Seated from left are: Associate Justices Clarence Thomas, Antonin Scalia, Chief Justice John Roberts, Associate Justices Anthony M. Kennedy, and Ruth Bader Ginsburg. Standing, from left are: Associate Justices Sonia Sotomayor, Stephen Breyer, Samuel Alito Jr., and Elena Kagan. (AP Photo/Pablo Martinez Monsivais, File)
Seated from left are: Associate Justices Clarence Thomas, Antonin Scalia, Chief Justice John Roberts, Associate Justices Anthony M. Kennedy, and Ruth Bader Ginsburg. Standing, from left are: Associate Justices Sonia Sotomayor, Stephen Breyer, Samuel Alito Jr., and Elena Kagan. (AP Photo/Pablo Martinez Monsivais, File)

With the Supreme Court ruling 5-4 in Burwell v. Hobby Lobby on Monday, finding  that for-profit employers with religious objections can opt out of providing contraception coverage under Obamacare, our debate topic is set: did the Supreme Court get it right? Or wrong? 


The Supreme Court’s decision in Burwell v. Hobby Lobby is problematic, but given the court’s current composition, and its track record on corporate issues, it was not unexpected. As in most cases, the justices aren’t idiots (even the ones I usually disagree with), so the majority decision isn’t a gross miscarriage of justice or anything that drastic. Unfortunately, neither is it free from serious issues.

It’s not at all unreasonable to say that employers who offer a benefit to their employees should be able to tailor those benefits in accordance with their moral or religious beliefs. It’s important for any free society, and for ours in particular, to protect space for the exercise of religious freedom. There has been, and there should be, debate about whether employee benefits programs should be included in that space, since including them effectively transfers some of the costs of an employer’s beliefs to their employees. In the end, though, reasonable people on both sides of the debate have made reasonable points, and now we know which side has won the day on this issue.

The problem is that the Supreme Court’s decision is, at a basic level, logically inconsistent. It does little to protect freedom (religious, sexual, or otherwise), because it specifies that it does not extend to other requirements placed on employers. If an employer has a moral objection to contraception, they’re in luck. If they have a moral objection to vaccinations or blood transfusions, too bad. There may be some political sense in this — the Supreme Court usually tries to rule as narrowly as possible — but it is itself a moral judgment that religious concerns about sexuality are more important than religious concerns about other kinds of health-related issues. If we’re going to allow businesses to make some moral judgments but not others, this seems like a weird place to draw the line. It also seems to bely a bit of misogyny since access to contraception tends to affect women more than men. Basically, I don’t feel super comfortable with the Supreme Court making value judgments about which religious beliefs are important enough to exempt.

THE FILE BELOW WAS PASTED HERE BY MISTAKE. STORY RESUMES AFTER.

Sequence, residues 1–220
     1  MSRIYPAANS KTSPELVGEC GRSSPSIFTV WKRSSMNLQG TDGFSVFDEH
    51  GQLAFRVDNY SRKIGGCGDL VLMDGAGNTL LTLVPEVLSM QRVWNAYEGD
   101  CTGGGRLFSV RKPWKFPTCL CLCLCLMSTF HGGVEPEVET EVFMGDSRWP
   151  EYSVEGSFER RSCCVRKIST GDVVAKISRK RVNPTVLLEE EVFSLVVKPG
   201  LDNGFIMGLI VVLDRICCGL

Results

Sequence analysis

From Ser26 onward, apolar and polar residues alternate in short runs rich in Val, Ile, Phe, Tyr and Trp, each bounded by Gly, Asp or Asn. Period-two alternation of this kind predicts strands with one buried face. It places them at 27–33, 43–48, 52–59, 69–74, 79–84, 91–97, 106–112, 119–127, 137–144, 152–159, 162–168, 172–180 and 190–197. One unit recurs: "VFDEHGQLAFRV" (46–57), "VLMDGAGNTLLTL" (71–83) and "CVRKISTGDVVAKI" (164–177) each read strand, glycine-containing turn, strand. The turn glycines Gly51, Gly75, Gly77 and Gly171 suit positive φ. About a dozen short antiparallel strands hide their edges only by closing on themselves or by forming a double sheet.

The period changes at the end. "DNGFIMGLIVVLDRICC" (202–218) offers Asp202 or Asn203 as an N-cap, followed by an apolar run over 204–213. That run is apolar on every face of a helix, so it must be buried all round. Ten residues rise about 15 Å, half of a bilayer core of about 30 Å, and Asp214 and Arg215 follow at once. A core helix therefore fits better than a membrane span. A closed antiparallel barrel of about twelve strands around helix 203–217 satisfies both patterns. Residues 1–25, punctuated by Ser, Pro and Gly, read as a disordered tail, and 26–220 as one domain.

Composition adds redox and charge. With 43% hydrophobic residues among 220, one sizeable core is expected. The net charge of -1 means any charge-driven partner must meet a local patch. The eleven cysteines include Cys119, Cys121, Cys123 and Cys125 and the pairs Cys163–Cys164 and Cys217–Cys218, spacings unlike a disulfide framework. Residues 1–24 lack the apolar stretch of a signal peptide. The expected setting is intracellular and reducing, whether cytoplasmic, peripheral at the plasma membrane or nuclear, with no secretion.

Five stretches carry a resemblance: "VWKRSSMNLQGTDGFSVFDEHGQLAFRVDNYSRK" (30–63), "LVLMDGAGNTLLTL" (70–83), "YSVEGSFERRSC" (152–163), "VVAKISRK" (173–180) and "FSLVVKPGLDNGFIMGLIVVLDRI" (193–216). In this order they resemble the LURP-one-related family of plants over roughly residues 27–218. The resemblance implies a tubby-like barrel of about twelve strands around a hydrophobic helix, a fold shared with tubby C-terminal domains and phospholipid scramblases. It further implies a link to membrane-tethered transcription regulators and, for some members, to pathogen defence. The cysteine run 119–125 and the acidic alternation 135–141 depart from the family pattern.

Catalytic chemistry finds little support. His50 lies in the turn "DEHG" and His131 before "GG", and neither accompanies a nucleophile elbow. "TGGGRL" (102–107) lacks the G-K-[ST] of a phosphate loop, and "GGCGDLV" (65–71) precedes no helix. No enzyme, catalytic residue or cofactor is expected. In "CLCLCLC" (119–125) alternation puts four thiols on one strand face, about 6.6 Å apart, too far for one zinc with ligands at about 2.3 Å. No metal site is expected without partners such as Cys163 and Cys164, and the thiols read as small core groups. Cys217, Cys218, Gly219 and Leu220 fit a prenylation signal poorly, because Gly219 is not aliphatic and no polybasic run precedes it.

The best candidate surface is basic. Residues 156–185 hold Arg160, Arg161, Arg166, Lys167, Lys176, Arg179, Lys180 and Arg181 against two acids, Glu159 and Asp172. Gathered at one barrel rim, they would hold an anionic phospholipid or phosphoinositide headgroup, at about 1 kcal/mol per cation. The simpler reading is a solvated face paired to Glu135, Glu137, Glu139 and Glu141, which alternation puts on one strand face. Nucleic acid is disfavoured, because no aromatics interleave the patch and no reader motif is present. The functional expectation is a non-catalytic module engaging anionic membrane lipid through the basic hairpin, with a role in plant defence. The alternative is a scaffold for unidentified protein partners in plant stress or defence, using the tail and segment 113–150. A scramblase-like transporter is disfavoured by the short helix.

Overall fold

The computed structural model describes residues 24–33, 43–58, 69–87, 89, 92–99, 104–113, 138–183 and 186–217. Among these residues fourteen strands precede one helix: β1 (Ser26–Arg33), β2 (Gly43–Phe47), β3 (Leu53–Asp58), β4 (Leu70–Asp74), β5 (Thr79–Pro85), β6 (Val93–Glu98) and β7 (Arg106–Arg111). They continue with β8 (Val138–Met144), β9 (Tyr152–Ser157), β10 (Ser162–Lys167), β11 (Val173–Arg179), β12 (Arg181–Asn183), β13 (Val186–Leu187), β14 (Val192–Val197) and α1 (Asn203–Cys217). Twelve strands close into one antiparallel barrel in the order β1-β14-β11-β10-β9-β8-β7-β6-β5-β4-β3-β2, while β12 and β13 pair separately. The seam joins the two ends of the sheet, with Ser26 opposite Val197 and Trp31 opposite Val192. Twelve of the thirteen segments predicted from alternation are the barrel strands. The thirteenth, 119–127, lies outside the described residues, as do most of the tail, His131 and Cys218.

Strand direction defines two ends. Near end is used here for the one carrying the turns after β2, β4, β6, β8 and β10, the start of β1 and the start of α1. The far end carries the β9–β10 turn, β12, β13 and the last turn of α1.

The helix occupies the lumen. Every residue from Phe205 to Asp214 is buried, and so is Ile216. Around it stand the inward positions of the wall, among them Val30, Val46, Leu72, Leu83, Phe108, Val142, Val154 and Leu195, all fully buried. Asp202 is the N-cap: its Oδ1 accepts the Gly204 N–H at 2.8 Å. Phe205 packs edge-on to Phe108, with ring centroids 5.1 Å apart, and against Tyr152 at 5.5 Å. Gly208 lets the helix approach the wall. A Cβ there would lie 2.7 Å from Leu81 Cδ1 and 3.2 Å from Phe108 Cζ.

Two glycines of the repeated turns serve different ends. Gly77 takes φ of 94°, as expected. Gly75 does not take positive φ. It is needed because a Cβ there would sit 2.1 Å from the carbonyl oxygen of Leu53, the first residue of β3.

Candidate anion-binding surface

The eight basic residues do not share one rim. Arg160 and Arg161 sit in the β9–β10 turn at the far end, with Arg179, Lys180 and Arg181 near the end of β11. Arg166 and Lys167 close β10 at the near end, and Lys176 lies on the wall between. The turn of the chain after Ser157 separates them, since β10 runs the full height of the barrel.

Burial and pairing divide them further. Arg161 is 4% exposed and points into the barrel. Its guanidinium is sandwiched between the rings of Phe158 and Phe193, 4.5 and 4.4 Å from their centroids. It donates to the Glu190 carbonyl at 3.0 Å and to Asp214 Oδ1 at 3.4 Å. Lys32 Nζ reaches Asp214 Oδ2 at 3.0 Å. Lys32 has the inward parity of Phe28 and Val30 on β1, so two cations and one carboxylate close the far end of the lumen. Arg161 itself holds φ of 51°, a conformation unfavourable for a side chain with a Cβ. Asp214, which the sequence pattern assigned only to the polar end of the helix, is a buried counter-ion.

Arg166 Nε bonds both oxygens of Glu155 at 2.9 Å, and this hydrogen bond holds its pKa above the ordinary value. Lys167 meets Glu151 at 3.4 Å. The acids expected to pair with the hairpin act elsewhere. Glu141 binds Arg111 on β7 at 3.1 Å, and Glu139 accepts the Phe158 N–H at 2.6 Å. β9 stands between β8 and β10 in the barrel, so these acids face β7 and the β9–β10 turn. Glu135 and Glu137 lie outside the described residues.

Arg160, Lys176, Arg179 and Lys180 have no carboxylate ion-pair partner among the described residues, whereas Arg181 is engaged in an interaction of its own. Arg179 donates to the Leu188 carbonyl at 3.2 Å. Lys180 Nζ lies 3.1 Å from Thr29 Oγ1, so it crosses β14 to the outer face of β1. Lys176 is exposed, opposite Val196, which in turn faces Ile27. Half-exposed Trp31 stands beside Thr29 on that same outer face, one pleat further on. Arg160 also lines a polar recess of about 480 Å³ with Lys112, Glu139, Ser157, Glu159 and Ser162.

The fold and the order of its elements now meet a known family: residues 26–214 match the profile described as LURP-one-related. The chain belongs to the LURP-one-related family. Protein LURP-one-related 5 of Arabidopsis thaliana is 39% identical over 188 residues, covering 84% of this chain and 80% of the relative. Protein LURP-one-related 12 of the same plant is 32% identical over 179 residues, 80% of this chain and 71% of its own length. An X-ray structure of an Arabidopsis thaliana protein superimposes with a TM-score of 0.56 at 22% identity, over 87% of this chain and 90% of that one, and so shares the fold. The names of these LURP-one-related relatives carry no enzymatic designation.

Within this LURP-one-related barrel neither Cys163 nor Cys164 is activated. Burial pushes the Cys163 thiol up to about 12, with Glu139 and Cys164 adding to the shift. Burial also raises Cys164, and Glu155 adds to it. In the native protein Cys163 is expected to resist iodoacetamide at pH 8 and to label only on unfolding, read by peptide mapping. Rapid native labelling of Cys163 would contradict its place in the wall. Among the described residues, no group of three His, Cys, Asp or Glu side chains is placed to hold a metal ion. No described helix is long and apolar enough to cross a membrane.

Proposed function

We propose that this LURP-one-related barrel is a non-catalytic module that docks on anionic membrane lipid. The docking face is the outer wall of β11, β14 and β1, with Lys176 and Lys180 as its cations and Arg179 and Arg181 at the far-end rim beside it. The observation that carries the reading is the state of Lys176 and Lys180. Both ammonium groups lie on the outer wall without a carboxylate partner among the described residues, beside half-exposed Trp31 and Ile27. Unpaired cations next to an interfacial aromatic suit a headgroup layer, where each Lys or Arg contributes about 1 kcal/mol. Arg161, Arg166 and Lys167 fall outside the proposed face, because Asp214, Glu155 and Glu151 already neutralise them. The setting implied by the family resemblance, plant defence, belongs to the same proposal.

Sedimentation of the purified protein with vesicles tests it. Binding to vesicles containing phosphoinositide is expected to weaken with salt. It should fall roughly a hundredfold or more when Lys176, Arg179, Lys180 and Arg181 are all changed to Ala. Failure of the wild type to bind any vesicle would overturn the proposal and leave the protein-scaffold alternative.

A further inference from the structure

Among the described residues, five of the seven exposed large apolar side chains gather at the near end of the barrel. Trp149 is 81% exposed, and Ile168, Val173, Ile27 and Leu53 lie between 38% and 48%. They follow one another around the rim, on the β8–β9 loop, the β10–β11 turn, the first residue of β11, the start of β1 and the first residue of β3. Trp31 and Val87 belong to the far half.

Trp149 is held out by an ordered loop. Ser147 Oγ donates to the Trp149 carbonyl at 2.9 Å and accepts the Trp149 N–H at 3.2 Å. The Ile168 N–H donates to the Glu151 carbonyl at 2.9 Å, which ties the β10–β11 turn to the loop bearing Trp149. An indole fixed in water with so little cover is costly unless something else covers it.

The wider problem is that this decision highlights the idiocy of having most of our nation’s healthcare tied to employer-employee relationships. We’d be better off with a system more like the individual mandate portion of the ACA for everyone, accompanied by a robust system for providing subsidies to people who can’t afford to purchase insurance on their own. This would negate any worries about whether an employer’s religious beliefs about healthcare match their employees’, and it would mean that we could do away with the reams of regulations that employers have to comply with in this arena. Employers could still offer to subsidize their employees plans if they want to offer that benefit for competitive reasons, but no longer would most people need to rely on an employer for healthcare or bear the costs of an employer’s religious beliefs.

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